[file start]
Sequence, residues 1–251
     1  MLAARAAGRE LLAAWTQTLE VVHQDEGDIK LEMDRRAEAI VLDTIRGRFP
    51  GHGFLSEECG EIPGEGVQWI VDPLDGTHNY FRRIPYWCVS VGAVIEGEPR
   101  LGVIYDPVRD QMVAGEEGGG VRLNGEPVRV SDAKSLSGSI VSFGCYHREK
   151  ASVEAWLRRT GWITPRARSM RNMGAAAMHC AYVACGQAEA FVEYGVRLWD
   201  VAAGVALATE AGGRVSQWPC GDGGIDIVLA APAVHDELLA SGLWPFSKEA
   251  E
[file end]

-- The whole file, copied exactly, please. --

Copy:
Sequence, residues 1–251
     1  MLAARAAGRE LLAAWTQTLE VVHQDEGDIK LEMDRRAEAI VLDTIRGRFP
    51  GHGFLSEECG EIPGEGVQWI VDPLDGTHNY FRRIPYWCVS VGAVIEGEPR
   101  LGVIYDPVRD QMVAGEEGGG VRLNGEPVRV SDAKSLSGSI VSFGCYHREK
   151  ASVEAWLRRT GWITPRARSM RNMGAAAMHC AYVACGQAEA FVEYGVRLWD
   201  VAAGVALATE AGGRVSQWPC GDGGIDIVLA APAVHDELLA SGLWPFSKEA
   251  E